No, he said "pads" and is correct. I had the same problem with my 2001. Seems I may have fixed it by completely replacing the fluid. The brake pistons were sticking after applying the brakes. I'm assuming there was some corrosion on them and after reseating them for the new brakes they began to stick. I raised the rear end and bled them and then put the truck in drive and kept pushing and releasing them until they quit sticking. I'm thinking the new fluid cleaned off the pistons. Hope this was helpful.
If you replaced the shoes (this would indicate you have rear drum brakes) you have to properly adjust the brakes. When you took them apart there would have been a part approx 2-3 inches in length with a star gear on it, you need to turn that star gear to make the adjuster shorter, when properly adjusted wheels should turn freely with a little bit of drag the shoes should just barely be contacting the drums.
If you replaced the pads (this would indicate you have rear disc brakes) were the sliders free and loose. The sliders are the metal tube the bolts run through to mount the caliper these work as adjuster as the pads wear down if these are frozen you are running your brakes as if your pads are still worn causing much friction with the new thicker pads. You can replace just the slides on the calipers but often it's easier to just replace the caliper and often not to much more expensive.
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There are a number of issues that can cause overheating disc brakes. Disc brakes, when released, separate from the disc by the action of the rotor moving between them (since no rotor is perfectly true, there is a small about of wobble and it pushes the pads away from the rotor surface). Things that can cause this to go wrong are:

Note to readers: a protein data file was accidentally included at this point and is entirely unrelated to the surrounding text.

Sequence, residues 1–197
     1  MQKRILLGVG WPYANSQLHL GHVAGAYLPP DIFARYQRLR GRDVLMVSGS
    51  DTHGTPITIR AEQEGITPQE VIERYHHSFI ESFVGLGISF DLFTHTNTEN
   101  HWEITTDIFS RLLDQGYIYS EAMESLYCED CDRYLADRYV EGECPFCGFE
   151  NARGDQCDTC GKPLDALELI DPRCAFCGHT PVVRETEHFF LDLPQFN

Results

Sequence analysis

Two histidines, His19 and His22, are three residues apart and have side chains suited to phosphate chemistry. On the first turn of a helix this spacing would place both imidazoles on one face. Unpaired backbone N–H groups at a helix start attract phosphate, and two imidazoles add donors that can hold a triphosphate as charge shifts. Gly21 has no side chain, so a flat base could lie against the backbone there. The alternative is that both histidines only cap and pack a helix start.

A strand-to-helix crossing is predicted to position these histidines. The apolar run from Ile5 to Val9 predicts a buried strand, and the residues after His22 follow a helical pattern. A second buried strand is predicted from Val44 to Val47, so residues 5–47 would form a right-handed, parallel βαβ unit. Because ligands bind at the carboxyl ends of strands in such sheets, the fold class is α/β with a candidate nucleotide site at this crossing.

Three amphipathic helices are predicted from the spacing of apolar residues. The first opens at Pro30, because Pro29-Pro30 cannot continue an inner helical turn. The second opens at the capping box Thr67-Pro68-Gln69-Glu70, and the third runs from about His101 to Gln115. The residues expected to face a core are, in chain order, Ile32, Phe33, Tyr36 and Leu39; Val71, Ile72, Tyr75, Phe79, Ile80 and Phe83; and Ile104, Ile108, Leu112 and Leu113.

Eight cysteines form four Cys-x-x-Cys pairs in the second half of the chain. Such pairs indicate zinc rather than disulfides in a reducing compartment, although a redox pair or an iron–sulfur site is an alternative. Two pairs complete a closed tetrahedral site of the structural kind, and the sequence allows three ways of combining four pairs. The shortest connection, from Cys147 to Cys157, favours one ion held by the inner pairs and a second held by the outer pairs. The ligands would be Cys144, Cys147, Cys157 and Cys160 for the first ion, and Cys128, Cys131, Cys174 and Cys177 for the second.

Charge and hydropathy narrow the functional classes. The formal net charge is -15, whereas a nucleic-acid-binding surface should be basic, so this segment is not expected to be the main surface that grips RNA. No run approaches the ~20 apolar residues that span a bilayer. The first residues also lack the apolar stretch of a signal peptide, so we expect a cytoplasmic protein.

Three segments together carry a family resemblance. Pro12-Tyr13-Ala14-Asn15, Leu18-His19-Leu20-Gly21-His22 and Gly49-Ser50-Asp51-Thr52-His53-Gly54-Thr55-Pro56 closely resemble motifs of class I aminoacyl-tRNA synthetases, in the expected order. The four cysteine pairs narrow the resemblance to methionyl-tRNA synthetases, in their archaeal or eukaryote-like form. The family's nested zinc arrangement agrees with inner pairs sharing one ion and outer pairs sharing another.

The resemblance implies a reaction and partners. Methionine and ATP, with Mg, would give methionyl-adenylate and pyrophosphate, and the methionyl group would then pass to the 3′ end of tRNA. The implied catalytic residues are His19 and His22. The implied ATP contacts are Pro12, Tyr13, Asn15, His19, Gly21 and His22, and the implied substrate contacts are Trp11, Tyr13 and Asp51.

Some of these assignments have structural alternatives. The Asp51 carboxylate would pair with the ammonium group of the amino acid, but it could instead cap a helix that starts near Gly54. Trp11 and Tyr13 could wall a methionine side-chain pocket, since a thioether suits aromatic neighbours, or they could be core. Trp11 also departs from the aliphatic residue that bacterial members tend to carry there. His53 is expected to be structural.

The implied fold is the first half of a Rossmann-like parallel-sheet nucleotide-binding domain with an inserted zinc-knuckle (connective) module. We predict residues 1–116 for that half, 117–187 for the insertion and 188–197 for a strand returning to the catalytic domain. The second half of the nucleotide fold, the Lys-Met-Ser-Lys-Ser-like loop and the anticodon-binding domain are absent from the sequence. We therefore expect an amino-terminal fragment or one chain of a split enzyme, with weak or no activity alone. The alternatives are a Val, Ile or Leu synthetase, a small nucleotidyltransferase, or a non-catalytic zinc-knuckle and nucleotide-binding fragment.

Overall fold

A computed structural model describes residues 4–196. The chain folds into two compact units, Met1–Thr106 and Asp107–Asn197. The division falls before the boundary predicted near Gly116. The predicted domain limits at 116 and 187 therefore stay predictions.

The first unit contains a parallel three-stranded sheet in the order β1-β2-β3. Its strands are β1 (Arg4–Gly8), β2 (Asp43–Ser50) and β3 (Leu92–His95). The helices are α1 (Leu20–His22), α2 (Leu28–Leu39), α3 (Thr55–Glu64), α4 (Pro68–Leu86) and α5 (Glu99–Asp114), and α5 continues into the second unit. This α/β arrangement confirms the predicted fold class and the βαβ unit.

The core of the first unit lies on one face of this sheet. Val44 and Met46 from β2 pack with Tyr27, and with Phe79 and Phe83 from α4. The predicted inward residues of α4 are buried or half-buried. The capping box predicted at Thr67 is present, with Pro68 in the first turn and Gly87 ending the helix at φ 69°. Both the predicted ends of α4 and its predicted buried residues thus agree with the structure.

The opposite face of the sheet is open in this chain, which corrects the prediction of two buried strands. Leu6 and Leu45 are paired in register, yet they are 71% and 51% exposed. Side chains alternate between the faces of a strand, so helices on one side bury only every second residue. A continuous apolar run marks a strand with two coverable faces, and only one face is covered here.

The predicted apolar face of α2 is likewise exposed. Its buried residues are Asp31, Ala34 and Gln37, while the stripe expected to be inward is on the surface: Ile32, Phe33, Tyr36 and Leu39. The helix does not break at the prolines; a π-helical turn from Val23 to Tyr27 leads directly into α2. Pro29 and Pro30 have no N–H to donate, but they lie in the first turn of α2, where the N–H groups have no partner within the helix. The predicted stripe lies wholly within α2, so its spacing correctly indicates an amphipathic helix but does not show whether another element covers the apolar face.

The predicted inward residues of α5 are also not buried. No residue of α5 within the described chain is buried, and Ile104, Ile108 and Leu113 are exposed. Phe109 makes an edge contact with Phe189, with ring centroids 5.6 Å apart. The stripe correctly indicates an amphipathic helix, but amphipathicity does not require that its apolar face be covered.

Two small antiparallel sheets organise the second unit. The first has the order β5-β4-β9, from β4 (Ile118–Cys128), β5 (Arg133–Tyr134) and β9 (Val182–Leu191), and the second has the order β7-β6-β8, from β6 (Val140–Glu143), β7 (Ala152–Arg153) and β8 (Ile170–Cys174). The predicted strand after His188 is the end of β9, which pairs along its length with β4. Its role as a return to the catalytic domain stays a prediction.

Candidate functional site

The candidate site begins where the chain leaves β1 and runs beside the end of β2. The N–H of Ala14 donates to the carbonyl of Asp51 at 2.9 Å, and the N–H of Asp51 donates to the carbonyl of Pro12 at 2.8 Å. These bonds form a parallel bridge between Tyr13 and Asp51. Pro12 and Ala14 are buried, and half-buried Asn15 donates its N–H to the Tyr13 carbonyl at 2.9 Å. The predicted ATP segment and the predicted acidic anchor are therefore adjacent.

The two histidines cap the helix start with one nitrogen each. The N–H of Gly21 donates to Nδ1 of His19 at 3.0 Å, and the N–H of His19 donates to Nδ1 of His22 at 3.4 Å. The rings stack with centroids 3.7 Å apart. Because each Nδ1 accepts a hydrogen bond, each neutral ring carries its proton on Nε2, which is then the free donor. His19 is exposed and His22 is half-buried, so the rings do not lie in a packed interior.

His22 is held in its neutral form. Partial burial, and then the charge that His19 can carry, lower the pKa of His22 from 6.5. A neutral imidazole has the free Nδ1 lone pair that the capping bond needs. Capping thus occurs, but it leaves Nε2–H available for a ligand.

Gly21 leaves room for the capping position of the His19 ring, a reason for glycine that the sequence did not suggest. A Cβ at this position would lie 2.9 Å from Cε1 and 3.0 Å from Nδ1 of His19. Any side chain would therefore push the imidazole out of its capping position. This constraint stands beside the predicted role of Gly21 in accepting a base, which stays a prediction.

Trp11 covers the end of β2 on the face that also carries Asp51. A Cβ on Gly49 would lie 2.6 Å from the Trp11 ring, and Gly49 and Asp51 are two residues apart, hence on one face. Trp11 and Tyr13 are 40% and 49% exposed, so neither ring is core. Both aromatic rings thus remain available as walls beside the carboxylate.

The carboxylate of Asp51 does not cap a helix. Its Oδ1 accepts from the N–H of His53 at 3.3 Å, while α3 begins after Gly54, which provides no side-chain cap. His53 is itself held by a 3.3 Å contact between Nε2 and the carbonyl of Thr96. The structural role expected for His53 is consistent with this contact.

Caliper pistons that have rust rings that cause sticking. This most often will happen right after or shortly after replacing old, work out pads with new ones. Because the caliper piston was extended out farther with the worn pads, its surface may get rusty. This rust can cause sticking when the piston is pushed back into the bore with the new, thicker pads.
Caliper slide bolts will rust and get sticky, not allowing the caliper to release properly and re-center itself on the rotor. What you often see here is that one pad (inner or outer) is totally worn out and the other seems normal.
Rusty brake lines/caliper internals can cause restrictions in the flow of brake fluid and hold pressure after the brake pedal is released.
It is highly recommended that whenever you change your brake pads, you replace the caliper slide bolts use a new brake hardware kit when reinstalling. The additional cost is almost always saved in longer brake pad life, and fewer complications.
yes baby it to him and replace both calipers and rotors as they will work better with your new brake pads. Do Not Do a half a job when it comes to brakes. its your family you are dealing with. calipers are cheap rotors are cheaper and pads are also cheap. its 3 hours labour to do a complete front brake job and rear brakes take 2 hours. with new shoes turn drums replace wheel cylinders and new rear brake hardware price in Canadian for front brakes under 400 price for rear under 250 American parts prices slightly different but labour times the same
did u turn drums? if so did u have to force drums back on? if u did that was a no no something is not right inside that u over looked,,if the drums where loose when u where finished with brakes untill u aplied them then u have a colasped brake hose,replace
Take it back to the dealer who fixed it.
Driving with the rear brakes locked may have warped the rotors. Blue color is from excessive heat. Sounds like a preportioning valve in the brake system is faulty.
The dealer didn't do his job very well. Find another dealer.
It sounds like the rear calipers are bad. Raise the rear wheels and see if you can turn the tires. If you can't, open the bleeder. If you still can't replace the caliper. If you can turn the wheel after you open the bleeder, replace the brake hose to that wheel.
from my experience its sounds like ur front rotors may need resurfaceing...if ur doing that...may as well replace the brakes on the front as well...sometimes glazed front brake pads may make a sound but never heard of it as a grind, usually its a squeal...have ur dealer check ur rotors for hot spots in which u would need them replaced if they are overheated..also check the front pads for cracked brake pad material